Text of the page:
What’s the Occasion?

Barcelona -- Festa de la Merce

Holidays were invented as an excuse to have parades.  Parades were invented by trombone players, who otherwise have no excuse.

Those statements may not bear up to the scrutiny of anthropologists (since I just made them up moments ago), but you have to admit, there does seem to be some connection between holidays and parades.  Can you think of any culture or nation that gets bands playing and people marching in honor of yet another *#&! workday?

Sometimes the reason for the holiday is pretty creative.  We were in London one year for Trooping the Colour, which is one of the grandest parades I’ve ever seen.  It turns out that the occasion marks the queen’s official birthday, which isn’t her real birthday. 

The actual date of Elizabeth II’s birth is in April when the weather can be a little iffy, so Great Britain celebrates the monarch’s birthday on a Saturday in June, when the parade participants are much less likely to get soggy.

In Australia we experienced ANZAC Day on April 25.  Bands and marching are involved, but it is a solemn holiday that commemorates the Australia and New Zealand Army Corps — soldiers who fought at Gallipoli in World War I.  ANZAC Day is similar to Memorial Day in the U.S.

While visiting the Hawaiian island of Kauai, a genial man invited us to come and see a Bon Dance.  These events are held during the summer months in Hawaii, and are quite colorful; the dancers we saw were illuminated by paper lanterns.  The Bon Dance is a Buddhist custom that, if I understood correctly, is a way of honoring ancestors and welcoming their spirits back.

Distilled spirits — specifically rum — were a big part of the Goombay Festival we attended in the Bahamas.  It was never clear to me what we were all celebrating, but I remember people in feathered costumes, marching bands… and a dull headache the following morning.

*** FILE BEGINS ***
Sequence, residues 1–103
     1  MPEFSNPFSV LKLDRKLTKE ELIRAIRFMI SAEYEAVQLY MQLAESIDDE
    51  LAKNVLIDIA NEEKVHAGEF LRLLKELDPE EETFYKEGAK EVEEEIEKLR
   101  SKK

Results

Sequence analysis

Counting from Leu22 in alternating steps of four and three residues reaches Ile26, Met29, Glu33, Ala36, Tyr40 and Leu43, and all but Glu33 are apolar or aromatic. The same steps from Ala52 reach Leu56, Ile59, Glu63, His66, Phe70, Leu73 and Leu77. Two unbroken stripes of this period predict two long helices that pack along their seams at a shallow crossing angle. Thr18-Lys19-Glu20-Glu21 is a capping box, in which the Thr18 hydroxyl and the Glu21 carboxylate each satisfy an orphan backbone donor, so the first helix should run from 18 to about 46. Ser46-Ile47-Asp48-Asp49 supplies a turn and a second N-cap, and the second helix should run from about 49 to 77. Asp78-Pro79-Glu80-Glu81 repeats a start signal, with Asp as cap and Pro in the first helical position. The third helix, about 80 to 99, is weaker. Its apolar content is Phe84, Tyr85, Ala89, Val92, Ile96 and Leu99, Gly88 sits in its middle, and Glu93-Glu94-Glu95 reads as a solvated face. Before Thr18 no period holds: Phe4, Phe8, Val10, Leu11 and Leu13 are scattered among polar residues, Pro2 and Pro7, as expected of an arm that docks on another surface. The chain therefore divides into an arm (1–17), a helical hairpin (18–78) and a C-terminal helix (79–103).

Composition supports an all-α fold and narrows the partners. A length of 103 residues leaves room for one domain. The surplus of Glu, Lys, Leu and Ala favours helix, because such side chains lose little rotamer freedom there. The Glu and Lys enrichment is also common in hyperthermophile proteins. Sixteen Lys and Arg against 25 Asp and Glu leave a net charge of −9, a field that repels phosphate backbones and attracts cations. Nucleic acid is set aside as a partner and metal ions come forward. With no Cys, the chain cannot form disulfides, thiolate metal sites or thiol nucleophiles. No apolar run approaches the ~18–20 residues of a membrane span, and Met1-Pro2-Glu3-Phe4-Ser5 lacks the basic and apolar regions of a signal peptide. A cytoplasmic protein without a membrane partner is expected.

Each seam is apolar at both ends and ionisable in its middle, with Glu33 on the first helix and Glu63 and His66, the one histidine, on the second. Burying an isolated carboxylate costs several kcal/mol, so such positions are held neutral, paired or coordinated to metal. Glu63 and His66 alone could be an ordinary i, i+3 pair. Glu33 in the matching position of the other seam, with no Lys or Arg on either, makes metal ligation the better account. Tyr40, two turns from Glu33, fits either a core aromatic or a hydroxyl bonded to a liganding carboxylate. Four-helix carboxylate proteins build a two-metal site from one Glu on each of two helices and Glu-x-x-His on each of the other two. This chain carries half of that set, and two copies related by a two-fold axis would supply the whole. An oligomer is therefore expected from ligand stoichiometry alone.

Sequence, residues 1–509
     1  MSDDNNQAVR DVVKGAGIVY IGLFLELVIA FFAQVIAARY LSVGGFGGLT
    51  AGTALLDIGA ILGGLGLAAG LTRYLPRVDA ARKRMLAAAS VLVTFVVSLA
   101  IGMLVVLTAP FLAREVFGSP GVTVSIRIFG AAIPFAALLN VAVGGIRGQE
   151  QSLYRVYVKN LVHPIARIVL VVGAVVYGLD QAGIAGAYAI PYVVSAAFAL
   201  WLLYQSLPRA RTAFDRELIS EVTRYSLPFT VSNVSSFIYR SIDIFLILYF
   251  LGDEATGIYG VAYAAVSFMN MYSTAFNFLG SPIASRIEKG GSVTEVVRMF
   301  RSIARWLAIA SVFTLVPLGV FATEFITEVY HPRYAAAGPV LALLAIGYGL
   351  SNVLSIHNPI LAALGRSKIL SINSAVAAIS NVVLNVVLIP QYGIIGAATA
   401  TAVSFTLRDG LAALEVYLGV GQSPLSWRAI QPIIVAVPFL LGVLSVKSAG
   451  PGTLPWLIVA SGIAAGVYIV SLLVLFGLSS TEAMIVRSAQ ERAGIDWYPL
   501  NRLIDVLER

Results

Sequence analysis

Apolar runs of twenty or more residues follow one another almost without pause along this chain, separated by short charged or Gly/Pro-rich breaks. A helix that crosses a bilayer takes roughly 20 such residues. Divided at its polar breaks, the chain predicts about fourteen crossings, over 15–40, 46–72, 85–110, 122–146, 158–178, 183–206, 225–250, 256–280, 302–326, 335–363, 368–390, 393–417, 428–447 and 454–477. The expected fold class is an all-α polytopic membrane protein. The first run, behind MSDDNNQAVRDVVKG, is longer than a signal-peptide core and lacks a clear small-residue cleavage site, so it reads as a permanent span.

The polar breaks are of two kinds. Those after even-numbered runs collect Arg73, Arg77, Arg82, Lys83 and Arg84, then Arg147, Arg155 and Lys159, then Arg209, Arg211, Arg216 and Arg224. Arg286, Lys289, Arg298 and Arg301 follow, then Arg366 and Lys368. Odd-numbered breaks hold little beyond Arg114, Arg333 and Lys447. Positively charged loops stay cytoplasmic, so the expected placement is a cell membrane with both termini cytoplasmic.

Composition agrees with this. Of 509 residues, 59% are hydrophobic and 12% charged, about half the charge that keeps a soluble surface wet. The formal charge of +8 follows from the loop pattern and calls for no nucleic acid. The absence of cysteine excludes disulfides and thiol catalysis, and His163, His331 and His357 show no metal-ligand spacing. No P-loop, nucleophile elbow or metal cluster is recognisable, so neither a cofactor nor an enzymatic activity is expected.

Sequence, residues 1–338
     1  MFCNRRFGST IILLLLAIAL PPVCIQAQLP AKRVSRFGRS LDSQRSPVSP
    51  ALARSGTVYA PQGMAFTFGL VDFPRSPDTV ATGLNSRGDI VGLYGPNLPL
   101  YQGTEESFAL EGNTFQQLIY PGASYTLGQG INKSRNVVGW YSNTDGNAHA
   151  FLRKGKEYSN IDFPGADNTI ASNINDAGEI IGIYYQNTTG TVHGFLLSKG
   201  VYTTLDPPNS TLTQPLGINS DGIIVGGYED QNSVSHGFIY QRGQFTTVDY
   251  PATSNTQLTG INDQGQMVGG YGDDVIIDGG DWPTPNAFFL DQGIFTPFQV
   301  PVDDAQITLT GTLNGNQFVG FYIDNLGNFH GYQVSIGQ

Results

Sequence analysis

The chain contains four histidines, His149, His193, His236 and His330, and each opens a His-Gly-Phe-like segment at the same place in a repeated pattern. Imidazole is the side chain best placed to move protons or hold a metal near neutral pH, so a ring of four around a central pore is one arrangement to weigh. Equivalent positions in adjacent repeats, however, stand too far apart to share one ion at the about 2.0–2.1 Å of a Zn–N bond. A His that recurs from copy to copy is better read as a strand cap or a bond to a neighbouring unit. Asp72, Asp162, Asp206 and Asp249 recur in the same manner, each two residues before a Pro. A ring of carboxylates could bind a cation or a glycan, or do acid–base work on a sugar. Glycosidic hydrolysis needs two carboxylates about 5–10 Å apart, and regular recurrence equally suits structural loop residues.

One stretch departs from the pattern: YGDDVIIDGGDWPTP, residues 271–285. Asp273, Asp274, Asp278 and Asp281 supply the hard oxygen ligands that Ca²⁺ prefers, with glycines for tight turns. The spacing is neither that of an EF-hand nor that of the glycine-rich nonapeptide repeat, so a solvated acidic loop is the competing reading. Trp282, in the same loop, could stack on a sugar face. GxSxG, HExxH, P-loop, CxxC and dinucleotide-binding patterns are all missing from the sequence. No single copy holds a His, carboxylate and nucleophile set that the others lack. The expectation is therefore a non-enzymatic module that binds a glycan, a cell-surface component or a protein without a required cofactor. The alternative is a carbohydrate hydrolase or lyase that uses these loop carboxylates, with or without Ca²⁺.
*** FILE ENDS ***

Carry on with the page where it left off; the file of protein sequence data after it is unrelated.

Barcelona is a great place to be in late September, when the city spends several days celebrating its patron saint in what is known as Festa de la Mercè.  There are events all over Barcelona, including concerts, traditional dances and fireworks.  We’re talking aggressive, street-level fireworks; if you go, wear clothing that isn’t flammable. 

There are groups called Castellers who stand on each other’s shoulders to build human pyramids, some that rise several tiers from ground level.

One of the highlights of the Festa de la Mercè is a parade down La Rambla that features gegantes and capgrossos (giants and big heads).  The giants are costumes that are 10-15 feet tall, carried along the route by someone inside.

Occasionally the more athletic “operators” spin or bow slightly or make sudden moves that get the crowd roaring.  The costumes represent figures from Catalan history or culture — there are kings and queens and knights and, judging from the catcalls, villains.

The big-head figures are also representations of popular (or reviled) characters.  Between groups of these enormous papier-maché heads and the towering giants come — what else? — marching bands.  They are unusual because the bands consist almost entirely of drums and some reed instruments I’d never seen before; they must be of Catalan origin.  Oh, and there were no trombones, either.

Those are some of the holidays we’ve gotten to share with the locals in various places; what about you?  Where were you, and what was the occasion for the celebration?

8 responses to “What’s the Occasion?